Saturday, December 31, 2016

12 of 2eLLLve. Out With the Old,In With the New.

Like many people across the globe, I am ringing in New Years with best hopes to make the coming year my best yet.  While there are numerous things that will always be challenges for me, my optimism for the future is unbridled.  Why? Because I believe my life is primarily within my control.  And I’m both motivated and hopeful for good things.  Positive attitude doesn’t solve every woe, but it sure does help.

As the year comes to an end, I’m closing out my year of learning with one big summary.  As I hoped and worked towards, I developed some new skills this year for sure. More than actual skill building, however, I embraced my need for “continuous learning” to the extent that I feel like I’m ending 2016 even better off than I entered it.  Given the theme of this blog was TweLLLve (12 months, with LLL symbolizing Life Long Learning), here’s my countdown of my top 12 learnings for the year.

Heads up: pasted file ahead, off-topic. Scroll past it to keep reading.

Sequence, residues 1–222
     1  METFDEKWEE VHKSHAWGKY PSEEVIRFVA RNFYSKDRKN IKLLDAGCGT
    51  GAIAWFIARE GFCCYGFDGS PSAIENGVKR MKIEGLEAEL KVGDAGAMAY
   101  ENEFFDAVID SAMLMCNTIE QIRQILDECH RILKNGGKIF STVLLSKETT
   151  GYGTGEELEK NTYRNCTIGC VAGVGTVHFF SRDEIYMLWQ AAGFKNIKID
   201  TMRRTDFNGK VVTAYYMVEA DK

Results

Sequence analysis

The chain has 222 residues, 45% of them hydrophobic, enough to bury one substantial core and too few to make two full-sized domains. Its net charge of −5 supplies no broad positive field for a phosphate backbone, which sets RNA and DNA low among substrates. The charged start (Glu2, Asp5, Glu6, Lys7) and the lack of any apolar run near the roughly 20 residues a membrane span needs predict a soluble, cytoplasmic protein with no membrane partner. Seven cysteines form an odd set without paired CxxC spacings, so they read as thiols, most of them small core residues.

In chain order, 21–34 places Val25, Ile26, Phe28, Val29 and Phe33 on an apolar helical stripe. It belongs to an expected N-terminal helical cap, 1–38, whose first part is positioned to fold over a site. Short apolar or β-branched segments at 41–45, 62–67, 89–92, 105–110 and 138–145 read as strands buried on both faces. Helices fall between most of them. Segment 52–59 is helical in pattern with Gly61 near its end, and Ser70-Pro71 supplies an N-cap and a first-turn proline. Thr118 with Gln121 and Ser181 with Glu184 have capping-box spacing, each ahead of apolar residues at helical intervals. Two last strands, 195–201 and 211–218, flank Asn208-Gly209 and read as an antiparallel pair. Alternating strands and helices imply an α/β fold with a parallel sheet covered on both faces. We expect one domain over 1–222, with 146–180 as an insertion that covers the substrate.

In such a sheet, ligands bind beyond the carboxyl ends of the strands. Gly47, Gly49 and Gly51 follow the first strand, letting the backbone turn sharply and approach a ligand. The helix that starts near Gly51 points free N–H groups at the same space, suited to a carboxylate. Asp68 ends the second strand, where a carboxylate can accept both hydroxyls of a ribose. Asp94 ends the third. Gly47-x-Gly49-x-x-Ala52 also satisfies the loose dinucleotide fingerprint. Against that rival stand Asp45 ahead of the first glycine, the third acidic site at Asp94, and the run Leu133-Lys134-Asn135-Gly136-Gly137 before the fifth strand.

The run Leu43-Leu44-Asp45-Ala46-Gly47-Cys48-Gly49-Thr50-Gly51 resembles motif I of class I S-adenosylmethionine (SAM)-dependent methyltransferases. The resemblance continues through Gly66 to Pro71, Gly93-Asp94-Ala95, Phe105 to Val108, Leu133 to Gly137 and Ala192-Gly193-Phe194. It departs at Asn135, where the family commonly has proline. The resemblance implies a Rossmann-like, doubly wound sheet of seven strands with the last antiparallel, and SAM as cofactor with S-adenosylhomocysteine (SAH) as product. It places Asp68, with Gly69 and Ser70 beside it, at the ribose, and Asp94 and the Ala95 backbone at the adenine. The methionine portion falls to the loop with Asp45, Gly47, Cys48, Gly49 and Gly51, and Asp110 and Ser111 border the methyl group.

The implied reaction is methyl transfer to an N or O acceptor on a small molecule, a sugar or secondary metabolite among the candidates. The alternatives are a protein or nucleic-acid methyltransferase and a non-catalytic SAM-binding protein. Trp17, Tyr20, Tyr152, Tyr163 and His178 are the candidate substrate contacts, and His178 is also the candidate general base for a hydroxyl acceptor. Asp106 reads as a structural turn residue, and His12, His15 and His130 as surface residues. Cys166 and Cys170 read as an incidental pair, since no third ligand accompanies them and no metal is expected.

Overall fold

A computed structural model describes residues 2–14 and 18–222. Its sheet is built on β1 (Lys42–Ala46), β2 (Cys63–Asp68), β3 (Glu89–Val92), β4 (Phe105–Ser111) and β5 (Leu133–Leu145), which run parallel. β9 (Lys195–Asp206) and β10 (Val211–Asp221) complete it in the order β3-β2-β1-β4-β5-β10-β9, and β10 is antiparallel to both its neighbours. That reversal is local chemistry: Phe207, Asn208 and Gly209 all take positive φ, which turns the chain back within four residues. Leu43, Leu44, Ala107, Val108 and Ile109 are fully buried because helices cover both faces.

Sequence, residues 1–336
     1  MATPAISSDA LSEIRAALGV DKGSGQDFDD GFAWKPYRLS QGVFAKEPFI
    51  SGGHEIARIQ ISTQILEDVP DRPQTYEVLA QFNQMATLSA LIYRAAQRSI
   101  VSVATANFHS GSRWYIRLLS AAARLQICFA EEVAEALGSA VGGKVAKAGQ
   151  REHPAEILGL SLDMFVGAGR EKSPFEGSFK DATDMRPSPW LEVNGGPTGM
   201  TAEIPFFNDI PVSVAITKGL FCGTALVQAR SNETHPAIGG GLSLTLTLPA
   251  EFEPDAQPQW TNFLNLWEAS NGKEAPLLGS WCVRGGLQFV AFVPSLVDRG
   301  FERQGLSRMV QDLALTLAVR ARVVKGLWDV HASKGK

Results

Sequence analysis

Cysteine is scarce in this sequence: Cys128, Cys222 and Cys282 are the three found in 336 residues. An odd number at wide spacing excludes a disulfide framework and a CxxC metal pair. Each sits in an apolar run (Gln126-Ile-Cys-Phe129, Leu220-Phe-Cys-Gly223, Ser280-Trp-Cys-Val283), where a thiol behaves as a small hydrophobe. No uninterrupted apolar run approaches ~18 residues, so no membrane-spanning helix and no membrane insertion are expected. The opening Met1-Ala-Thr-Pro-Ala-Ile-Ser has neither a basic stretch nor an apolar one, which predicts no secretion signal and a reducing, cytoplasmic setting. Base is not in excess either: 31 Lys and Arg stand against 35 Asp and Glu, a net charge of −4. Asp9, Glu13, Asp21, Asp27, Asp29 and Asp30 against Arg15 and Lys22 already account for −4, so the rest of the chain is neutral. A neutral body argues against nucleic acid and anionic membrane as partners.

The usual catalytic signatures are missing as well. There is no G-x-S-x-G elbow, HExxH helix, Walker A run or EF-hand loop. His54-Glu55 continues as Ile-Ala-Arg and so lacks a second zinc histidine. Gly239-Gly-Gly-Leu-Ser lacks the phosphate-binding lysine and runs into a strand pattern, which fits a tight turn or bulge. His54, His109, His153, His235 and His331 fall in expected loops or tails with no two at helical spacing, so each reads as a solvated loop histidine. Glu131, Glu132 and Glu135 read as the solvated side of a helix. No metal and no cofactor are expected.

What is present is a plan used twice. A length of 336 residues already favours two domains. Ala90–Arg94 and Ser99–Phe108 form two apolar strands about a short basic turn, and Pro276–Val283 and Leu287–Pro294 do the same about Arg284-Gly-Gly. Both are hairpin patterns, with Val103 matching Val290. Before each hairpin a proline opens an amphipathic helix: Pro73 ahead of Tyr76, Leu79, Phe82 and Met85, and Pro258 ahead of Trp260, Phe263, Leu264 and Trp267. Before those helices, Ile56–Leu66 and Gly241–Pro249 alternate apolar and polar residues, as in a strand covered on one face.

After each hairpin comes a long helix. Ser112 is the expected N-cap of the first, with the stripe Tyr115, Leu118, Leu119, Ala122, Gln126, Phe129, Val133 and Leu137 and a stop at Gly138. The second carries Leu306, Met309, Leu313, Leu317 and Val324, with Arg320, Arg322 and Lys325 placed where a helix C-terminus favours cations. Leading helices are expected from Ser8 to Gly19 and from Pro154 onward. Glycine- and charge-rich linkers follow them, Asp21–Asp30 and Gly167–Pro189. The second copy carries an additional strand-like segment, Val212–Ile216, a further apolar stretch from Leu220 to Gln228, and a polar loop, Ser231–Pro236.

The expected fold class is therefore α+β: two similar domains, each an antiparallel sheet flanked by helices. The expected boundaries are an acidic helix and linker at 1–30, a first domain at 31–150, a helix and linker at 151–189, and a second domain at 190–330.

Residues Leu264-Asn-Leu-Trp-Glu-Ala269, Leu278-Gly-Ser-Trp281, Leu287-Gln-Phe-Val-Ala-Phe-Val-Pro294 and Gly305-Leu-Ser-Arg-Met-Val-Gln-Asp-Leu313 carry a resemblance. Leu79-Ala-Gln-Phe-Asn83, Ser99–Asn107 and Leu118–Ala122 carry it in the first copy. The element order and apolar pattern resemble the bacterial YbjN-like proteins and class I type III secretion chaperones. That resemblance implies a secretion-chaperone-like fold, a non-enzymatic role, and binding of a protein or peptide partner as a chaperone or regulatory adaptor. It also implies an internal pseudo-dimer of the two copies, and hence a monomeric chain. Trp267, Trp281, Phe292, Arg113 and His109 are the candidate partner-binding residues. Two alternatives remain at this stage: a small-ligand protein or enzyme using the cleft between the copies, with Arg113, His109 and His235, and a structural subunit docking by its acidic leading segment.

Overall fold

12. I LEARNED TO STRENGTHEN MY VOICE
I had numerous opportunities from a work perspective to strengthen my voice and point of view, and share that with others.  Through a weekly blog on VentureFizz and LinkedIn, I embraced the fact that it’s not arrogant to share the knowledge and experience I’ve collected over my career; rather it’s appreciated and valued by others attempting to figure it out similar people challenges.  Along the way, I made some connections and formed new business relationships.  I challenged myself to deeply think through my points of view on topics.  And most importantly, I learned to hone in on my slightly humorous/always authentic voice.  While that’s the only way I know how to share, not everyone communicates that way. Who would have ever guessed being yourself would be notable?

11.  I LEARNED TO MOVE ON